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My sister's wedding cake: Kransekake {Recipe}

It seemed like a good idea at the time. Drive to Byron Bay for my sister's wedding so we could transport the wedding cake I'd made her. A six day break where we spent four days in the car. Insane right?

Did I mention I made a wedding cake?

Not your quintessential tiered, fondant creation mind you.  In a nod to our Norwegian heritage, my sister asked me to make a traditional wedding cake called kransekake.

If you haven’t seen one before, kransekake isn’t actually a cake; it’s a tower of eighteen sweet almond macaroon rings – think baked marzipan – ‘glued’ together with royal icing. 

Instead of cutting the cake, the bride and groom lift the top ring.  The number of rings that stay attached to the top ring is supposed to signify how many children the happy couple will be blessed with. 

The rings are then broken up into pieces (starting from the bottom) and served with coffee. 

The dough is a cinch to make but its the baking that brings many a cook unstuck, or should I stay stuck...the special kransekake pans are notoriously non-stick (despite what the box says!)  A baked kransekake has the tendency to stick to the pans like cement!

Through trial and error I've come up with a 'no more tears' method.  I used the moulds to shape the rings but tipped them out onto baking paper lined trays to bake them.  The result is perfectly formed rings with a slightly flat base (which makes stacking them even easier!). I feel like a kransekake genius!

In Norway kransekakes are generally decorated with small Norwegian flags or ribbons.  Very patriotic but not quite how I wanted to decorate my first wedding cake.  I took inspiration from this gorgeous cake and spent a couple of hours making 300+ sugar flowers to emulate the cascade effect.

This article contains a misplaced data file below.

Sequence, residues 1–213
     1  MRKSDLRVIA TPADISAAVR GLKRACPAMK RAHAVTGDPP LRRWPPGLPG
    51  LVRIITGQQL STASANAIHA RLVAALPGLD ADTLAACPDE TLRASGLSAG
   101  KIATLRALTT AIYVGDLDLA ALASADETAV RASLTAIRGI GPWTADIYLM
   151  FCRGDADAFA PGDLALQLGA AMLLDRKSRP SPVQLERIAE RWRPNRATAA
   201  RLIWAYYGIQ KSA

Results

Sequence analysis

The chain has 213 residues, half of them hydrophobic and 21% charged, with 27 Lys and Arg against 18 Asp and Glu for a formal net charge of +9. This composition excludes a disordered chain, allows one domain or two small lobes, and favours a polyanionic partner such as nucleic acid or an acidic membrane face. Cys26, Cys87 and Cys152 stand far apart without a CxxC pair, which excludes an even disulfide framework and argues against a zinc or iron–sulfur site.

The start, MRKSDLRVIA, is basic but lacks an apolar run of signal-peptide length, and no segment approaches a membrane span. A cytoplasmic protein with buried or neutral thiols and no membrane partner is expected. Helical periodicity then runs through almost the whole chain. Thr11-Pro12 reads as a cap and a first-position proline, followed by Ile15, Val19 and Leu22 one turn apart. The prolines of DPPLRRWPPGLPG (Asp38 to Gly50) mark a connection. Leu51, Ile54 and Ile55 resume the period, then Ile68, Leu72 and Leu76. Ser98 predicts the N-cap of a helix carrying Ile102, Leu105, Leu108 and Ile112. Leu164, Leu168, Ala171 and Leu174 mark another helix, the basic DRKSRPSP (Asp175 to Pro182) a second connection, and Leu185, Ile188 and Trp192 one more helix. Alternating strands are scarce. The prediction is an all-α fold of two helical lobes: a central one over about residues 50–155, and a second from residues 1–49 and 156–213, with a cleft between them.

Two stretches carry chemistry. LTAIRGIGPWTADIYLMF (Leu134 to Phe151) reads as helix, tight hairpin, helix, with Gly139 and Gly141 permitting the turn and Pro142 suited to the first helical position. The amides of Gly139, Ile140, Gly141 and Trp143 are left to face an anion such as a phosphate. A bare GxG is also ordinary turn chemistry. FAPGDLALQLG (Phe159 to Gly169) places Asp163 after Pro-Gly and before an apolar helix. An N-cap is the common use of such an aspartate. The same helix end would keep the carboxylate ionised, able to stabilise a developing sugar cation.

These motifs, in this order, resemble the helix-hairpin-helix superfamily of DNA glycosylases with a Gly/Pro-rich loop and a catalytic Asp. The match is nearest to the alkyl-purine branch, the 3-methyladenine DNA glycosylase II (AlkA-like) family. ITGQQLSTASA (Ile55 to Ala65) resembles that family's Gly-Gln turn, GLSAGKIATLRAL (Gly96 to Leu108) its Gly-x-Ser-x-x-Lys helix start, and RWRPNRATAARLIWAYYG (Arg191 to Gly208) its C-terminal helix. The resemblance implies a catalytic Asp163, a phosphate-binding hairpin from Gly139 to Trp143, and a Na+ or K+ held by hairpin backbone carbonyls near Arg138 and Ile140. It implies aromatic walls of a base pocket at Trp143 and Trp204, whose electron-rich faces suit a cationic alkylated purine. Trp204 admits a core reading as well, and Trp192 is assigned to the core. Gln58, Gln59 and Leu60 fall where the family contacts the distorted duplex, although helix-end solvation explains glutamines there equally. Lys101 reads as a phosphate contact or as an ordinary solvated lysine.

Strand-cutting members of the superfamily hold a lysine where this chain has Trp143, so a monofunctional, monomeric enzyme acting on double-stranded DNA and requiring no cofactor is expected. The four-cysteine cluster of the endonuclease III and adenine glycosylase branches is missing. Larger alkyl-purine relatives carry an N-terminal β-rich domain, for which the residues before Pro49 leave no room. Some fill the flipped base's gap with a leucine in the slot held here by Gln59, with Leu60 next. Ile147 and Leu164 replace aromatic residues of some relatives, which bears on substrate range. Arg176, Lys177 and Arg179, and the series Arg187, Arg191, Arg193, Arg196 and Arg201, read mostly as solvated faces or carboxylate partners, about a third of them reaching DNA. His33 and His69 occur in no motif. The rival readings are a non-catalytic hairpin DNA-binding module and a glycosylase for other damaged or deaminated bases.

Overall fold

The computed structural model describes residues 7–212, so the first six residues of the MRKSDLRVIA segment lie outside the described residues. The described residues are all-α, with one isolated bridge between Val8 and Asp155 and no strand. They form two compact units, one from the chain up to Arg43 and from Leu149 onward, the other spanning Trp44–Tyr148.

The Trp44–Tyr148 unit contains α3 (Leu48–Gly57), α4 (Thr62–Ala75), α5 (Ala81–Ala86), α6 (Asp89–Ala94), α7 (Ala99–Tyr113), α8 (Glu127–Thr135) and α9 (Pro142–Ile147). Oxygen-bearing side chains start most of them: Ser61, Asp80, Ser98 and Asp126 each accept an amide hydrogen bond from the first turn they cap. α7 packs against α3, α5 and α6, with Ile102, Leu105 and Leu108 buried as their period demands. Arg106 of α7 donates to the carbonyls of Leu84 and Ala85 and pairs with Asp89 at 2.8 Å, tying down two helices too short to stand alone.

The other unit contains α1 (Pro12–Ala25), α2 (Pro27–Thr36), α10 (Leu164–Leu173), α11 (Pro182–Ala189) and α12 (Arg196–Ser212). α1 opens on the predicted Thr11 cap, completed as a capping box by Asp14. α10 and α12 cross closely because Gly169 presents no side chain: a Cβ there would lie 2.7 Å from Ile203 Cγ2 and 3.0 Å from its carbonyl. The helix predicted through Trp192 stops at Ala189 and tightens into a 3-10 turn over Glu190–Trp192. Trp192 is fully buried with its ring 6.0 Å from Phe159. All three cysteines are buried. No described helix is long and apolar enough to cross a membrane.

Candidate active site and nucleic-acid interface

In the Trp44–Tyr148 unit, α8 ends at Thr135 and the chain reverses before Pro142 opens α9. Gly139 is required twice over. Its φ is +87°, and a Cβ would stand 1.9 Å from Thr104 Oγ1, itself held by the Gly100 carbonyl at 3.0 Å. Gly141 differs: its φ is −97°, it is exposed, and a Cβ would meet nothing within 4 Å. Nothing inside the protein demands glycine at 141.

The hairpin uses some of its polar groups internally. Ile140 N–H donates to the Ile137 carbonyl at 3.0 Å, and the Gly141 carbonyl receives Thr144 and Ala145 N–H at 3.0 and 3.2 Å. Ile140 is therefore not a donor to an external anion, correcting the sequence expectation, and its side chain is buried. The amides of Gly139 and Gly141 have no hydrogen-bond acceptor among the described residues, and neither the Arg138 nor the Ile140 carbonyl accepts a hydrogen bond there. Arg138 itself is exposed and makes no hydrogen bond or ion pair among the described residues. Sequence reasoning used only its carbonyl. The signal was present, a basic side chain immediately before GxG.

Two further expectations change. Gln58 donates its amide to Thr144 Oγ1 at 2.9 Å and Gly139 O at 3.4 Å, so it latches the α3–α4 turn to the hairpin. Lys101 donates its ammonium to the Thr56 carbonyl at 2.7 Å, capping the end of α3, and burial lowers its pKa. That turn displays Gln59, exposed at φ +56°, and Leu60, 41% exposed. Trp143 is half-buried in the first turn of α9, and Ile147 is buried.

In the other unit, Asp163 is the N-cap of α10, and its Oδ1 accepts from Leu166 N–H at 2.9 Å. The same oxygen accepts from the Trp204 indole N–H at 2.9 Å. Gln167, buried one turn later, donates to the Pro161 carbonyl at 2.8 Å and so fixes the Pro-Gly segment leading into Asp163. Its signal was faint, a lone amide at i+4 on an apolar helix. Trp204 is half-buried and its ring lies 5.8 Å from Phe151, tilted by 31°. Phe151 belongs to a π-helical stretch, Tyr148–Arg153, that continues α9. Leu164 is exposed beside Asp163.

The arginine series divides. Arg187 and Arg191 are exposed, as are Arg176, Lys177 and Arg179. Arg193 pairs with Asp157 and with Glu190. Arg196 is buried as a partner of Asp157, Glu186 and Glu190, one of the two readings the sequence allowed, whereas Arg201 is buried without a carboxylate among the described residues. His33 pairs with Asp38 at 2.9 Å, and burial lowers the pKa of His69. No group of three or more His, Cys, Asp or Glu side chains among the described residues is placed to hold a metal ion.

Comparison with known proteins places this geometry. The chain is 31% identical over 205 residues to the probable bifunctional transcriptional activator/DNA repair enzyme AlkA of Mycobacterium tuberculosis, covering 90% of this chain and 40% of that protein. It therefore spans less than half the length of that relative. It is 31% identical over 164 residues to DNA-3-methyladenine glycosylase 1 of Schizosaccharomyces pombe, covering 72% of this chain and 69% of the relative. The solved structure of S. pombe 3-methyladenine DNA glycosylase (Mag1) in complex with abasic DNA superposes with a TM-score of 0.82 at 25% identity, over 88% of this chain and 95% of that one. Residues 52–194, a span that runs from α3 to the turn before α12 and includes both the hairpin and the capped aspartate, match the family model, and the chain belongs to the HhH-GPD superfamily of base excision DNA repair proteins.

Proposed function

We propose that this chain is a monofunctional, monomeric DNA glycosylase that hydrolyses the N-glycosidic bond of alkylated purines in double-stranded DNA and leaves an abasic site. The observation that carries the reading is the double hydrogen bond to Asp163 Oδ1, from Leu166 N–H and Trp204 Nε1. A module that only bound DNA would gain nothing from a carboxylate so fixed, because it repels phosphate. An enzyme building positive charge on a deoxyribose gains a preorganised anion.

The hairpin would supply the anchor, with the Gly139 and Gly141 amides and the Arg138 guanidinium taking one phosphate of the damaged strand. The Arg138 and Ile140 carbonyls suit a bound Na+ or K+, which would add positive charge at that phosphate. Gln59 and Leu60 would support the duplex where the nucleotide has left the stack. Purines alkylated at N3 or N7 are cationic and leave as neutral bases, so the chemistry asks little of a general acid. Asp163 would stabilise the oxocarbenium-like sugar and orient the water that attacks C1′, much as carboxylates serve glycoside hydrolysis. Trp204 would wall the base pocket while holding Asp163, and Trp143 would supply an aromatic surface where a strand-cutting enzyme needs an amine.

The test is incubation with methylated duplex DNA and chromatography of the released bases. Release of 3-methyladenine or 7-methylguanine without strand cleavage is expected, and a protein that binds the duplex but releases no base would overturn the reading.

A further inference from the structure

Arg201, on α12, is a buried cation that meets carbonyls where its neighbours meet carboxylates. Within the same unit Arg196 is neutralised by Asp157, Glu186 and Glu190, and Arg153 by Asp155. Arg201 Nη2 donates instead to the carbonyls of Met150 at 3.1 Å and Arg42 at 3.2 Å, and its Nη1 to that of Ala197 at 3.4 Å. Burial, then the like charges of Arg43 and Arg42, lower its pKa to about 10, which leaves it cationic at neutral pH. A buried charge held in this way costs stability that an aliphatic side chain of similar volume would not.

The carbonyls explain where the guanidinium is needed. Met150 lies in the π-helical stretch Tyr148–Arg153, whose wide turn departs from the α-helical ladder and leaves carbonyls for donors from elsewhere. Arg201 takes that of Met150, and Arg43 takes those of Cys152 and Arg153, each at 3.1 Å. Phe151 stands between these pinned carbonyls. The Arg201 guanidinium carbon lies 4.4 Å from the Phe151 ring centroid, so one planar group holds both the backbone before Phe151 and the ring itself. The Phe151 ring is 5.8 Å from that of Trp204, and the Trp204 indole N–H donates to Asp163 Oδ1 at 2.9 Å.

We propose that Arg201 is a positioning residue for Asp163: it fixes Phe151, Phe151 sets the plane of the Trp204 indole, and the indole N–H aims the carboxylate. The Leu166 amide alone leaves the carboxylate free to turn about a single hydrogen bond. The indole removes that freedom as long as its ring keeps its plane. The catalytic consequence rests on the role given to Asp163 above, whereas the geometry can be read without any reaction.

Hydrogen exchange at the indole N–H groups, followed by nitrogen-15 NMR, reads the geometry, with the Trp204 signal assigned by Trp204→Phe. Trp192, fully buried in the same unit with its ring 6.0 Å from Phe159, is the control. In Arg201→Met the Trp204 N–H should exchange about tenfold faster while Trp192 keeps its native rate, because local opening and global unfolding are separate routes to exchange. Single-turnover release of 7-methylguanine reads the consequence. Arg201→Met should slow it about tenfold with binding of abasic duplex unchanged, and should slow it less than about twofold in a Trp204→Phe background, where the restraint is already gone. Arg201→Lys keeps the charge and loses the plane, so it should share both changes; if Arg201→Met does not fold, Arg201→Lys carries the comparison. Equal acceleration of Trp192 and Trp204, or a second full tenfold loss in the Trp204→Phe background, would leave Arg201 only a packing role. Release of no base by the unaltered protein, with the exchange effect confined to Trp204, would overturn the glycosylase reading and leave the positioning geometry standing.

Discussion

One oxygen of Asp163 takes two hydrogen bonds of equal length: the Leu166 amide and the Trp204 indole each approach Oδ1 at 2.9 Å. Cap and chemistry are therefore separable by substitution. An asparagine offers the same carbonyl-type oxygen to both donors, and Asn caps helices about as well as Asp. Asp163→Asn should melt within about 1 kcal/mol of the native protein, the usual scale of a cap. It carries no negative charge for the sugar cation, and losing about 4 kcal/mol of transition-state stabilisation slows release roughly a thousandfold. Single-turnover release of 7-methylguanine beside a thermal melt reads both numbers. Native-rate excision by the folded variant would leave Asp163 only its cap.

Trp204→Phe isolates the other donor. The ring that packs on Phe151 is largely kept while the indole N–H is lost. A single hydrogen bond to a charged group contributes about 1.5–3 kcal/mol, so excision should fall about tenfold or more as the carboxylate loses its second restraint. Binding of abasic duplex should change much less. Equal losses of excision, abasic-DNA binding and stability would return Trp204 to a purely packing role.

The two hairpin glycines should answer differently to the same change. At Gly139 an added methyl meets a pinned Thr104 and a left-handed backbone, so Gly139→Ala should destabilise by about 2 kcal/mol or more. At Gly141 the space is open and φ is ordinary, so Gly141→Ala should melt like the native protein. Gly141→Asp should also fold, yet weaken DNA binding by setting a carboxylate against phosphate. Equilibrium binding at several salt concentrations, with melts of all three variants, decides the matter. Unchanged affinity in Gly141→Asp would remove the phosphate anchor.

Not one to blow my own trumpet (too loudly), I think pretty kransekakes are the way of the future. Check out this gorgeous one made by fellow Aussie blogger/baker Not Quite Nigella.

When I first shared a photo of the cake on my personal Facebook page, many of my friends asked whether I'd transported the cake assembled - em, no.  I baked the rings a week ahead of time and froze them.  The rings defrosted on the way to Byron Bay.

Di-licious at work, wielding the piping bag!

On the morning of the wedding I wielded my piping bag and put it all together in less than two hours. The ribbons were an afterthought..... if I were to do it again I probably would have ditched the navy rose on top.

When it came to ‘cuting the cake’, my sister and new brother in law tugged strongly and initially lifted up the whole tower and cake stand before the top ring broke free – much to the relief of my sister!

A word of warning: kransekake is highly addictive.  One guest apprehensively tasted a small piece to appease my dad who was singing its praises – and then couldn’t stop eating it! The whole cake was polished off!  You have been warned.

And to end on a gorgeous note, I can't help but share a photo of Olive as the flower girl.  She took her role very seriously!

Recipe: Kransekake (Macaroon Wreath Cake)

665g pure icing sugar
665g ground almonds
4 egg whites
10 drops almond essence

Royal icing
1 cup icing sugar, sifted
1 egg white

Special Equipment
eye dropper (for essence)
Kransekake ring pans (set of 6 with three ring tracks each)

  • Preheat oven to 200°C. Line two baking trays with baking paper.
  • Using a food processor, grind together the icing sugar and almond meal (in two batches).
  • Tip into a large mixing bowl and then add egg whites and almond essence.
  • Mix together until the mixture becomes a smooth dough.
  • Break off approximately a quarter of the dough and wrap the rest in cling wrap to stop it from drying out.
  • Roll the dough into a long rope until its the thickness of your thumb.
  • Fit the 'rope' to the tracks of the ring pan and pinch off.  Smooth the join as best you can by pressing the ends together.  Repeat for the remaining tracks to create three dough rings.